By Kenneth Hamilton
Kenneth Hamilton's e-book engagingly and lucidly dissects the oft-invoked fable of an excellent culture, or Golden Age of Pianism. it's written either for gamers and for participants in their audiences by means of a pianist who believes that scholarship and clarity can move hand-in-hand. Hamilton discusses in meticulous but energetic element the performance-style of significant pianists from Liszt to Paderewski, and delves into the far-from-inevitable improvement of the piano recital. He entertainingly recounts how classical live shows advanced from exuberant, occasionally riotous occasions into the formal, funereal trotting out of predictable items they are often this day, how a regularly unhistorical "respect for the ranking" started to substitute pianists' improvisations and variations, and the way the scientific customized arose that an viewers could be obvious and never heard. Pianists will locate meals for suggestion right here on their repertoire and the traditions of its functionality. Hamilton chronicles why pianists of the prior didn't regularly commence a bit with the 1st notice of the ranking, nor finish with the final. He emphasizes that nervousness over flawed notes is a comparatively contemporary psychosis, and enjoying fullyyt from reminiscence a comparatively contemporary requirement. Audiences will stumble upon a brilliant account of ways enormously diverse are the recitals they attend in comparison to live shows of the earlier, and the way their very own function has reduced from noisily lively individuals within the live performance adventure to passive recipients of inventive benediction from the degree. they are going to realize while cowed listeners finally stopped applauding among routine, and why they stopped speaking loudly in the course of them. The book's large message publicizes that there's not anything divinely ordained approximately our personal concert-practices, programming and piano-performance kinds. Many elements of the trendy technique are unhistorical-some laudable, a few in basic terms ludicrous. also they are some distance faraway from these fondly, if deceptively, remembered as constituting a Golden Age.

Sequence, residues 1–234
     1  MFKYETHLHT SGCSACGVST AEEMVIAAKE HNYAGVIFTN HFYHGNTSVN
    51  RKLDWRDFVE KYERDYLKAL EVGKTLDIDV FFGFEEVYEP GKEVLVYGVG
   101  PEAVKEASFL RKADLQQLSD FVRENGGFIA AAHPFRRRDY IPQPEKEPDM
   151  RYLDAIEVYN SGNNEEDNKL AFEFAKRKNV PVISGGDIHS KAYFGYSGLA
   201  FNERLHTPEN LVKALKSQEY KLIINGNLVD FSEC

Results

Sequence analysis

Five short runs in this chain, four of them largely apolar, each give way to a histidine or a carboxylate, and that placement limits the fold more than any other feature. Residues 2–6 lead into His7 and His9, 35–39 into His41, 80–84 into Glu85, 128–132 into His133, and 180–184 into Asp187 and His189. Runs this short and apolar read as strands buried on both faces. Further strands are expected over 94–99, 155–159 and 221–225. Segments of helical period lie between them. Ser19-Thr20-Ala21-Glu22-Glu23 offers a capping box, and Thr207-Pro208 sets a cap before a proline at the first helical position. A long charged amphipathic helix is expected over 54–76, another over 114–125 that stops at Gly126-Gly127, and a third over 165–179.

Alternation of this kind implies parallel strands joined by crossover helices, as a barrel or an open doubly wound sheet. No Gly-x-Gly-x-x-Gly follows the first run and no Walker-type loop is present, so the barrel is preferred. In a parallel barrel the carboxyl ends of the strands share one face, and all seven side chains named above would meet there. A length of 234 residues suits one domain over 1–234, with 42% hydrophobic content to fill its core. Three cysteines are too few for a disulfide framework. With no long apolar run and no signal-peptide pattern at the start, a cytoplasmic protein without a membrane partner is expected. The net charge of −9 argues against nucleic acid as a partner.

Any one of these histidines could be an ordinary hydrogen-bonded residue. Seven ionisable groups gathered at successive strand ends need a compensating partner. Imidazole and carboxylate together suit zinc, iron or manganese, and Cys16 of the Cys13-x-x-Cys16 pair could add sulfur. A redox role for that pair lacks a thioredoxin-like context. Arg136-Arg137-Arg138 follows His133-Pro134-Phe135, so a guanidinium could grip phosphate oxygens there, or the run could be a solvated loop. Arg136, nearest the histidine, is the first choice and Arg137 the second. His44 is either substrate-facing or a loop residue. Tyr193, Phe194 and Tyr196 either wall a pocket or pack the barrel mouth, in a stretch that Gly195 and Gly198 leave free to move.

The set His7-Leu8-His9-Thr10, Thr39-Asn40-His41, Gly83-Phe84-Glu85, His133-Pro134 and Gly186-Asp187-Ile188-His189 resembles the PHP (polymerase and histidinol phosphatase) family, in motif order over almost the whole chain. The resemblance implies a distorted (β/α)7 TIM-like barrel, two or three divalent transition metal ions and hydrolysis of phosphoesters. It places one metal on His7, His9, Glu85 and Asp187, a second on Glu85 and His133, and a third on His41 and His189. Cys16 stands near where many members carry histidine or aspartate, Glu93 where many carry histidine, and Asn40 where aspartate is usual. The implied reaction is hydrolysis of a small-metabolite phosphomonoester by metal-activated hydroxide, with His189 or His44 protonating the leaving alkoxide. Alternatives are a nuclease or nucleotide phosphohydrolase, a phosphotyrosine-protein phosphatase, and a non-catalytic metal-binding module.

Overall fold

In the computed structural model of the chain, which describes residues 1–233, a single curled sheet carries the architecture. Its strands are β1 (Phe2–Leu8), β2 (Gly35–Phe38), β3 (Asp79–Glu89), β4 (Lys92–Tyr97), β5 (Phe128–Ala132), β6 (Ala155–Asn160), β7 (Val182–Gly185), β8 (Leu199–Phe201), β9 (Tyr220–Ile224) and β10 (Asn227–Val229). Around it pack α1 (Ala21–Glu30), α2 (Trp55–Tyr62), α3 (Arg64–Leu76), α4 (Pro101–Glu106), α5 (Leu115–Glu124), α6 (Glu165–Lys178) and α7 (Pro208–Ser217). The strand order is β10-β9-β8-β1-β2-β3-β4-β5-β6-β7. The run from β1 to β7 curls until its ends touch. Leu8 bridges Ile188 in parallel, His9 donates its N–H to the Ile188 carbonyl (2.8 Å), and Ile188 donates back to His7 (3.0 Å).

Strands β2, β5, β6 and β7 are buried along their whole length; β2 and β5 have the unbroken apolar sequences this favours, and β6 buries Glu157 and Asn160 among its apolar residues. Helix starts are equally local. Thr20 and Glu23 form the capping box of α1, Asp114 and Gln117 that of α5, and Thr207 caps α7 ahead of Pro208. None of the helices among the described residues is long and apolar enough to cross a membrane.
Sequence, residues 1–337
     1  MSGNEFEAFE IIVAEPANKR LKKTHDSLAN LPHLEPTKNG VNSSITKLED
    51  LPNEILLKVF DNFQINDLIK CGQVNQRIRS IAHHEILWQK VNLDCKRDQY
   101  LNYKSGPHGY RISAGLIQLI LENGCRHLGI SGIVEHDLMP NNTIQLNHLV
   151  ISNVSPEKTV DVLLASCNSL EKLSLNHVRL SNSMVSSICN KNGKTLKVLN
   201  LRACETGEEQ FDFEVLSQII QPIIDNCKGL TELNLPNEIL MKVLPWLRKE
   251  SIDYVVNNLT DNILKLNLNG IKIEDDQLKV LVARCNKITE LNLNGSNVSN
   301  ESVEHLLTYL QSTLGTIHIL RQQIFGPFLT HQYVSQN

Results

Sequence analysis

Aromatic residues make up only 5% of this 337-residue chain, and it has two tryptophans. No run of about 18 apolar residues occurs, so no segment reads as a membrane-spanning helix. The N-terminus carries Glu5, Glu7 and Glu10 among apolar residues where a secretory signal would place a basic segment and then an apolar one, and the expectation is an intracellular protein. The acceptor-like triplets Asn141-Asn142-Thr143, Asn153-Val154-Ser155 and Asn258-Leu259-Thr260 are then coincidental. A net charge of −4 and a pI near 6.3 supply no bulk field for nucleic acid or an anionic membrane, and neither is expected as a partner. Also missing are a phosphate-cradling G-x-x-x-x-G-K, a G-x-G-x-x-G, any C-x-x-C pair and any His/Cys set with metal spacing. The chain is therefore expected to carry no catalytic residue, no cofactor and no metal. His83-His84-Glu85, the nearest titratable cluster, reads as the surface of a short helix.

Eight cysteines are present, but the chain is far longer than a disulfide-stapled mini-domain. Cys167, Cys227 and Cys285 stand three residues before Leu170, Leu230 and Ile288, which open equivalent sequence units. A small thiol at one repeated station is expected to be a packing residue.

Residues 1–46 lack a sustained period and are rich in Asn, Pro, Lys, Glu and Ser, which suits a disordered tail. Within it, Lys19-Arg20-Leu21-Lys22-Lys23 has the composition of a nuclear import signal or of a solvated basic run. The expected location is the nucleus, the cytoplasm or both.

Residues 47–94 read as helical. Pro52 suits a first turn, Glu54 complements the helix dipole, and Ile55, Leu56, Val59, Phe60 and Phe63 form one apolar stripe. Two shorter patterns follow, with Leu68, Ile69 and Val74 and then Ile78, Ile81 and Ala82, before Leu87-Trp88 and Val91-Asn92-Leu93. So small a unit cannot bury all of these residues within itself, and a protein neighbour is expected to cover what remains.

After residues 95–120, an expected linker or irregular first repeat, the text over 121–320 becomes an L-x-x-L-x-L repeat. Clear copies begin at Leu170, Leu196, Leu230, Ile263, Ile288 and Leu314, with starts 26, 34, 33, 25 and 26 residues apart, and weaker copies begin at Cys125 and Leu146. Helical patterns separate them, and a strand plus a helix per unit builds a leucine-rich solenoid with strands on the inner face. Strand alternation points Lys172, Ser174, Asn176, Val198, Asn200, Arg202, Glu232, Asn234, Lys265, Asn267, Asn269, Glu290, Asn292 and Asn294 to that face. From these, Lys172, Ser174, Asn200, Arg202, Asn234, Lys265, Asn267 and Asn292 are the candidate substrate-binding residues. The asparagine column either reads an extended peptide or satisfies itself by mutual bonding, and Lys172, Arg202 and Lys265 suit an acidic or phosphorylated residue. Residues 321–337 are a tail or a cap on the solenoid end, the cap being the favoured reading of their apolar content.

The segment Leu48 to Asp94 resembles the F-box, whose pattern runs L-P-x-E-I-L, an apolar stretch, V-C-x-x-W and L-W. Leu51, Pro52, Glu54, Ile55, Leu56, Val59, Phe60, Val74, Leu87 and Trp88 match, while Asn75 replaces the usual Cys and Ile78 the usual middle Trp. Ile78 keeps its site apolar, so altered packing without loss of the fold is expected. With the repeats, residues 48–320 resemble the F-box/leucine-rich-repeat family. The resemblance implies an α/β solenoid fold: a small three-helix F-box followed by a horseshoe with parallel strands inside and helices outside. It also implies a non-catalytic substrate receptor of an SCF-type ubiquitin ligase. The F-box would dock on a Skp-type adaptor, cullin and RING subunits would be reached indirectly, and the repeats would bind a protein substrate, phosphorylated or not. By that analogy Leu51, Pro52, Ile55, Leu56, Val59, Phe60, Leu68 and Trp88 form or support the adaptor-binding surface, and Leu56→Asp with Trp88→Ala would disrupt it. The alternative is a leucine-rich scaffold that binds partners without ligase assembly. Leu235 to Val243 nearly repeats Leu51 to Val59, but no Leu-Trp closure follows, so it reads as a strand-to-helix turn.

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Additional info for After the Golden Age: Romantic Pianism and Modern Performance
New York: Century, 1902), 577–84. 30 AFTER THE GOLDEN AGE many of our present-day players would hardly have expected anyone—apart from maybe an eighteenth-century clavicenist—to sound quite like Paderewski. Perhaps with hindsight we should have been less self-centered in our expectations. We tend to imagine earlier performance styles by working back from our own day, underestimating the chances that it is in fact we—with our recording-based music industry, standardized instruments, and standardized training—who may represent a radical break with the past.
Steane, The Grand Tradition: Seventy Years of Singing on Record (London: Duckworth, 1974), and John Rosselli, Singers of Italian Opera: The History of a Profession (Cambridge: Cambridge University Press, 1992). 20 AFTER THE GOLDEN AGE before 1867, when Steinway and Sons scored an overwhelming success in the Paris International Exhibition with its iron-framed, overstrung grand, was originally intended for instruments signiﬁcantly different from the modern concert piano (here deﬁned for convenience, though tendentiously, as a Hamburg or New York Steinway Model D).
16 AFTER THE GOLDEN AGE doubt that they had ethereally unapproachable talents and unequaled gifts. It is merely a counsel of despair that claims we needs must live in a silver or even a bronze age after the fabled age of gold. The Legacy of Liszt and Thalberg Liszt was both an initiatory and a transitional ﬁgure as a piano virtuoso, but on his death some modern concert practices that we unwisely take for granted were far from established. The initiatory aspects of his career—heavily stressed in the ﬁrst full-scale biography, Lina Ramann’s Franz Liszt als Ku¨nstler und Mensch—have been further emphasized in scholarly and not-so-scholarly literature.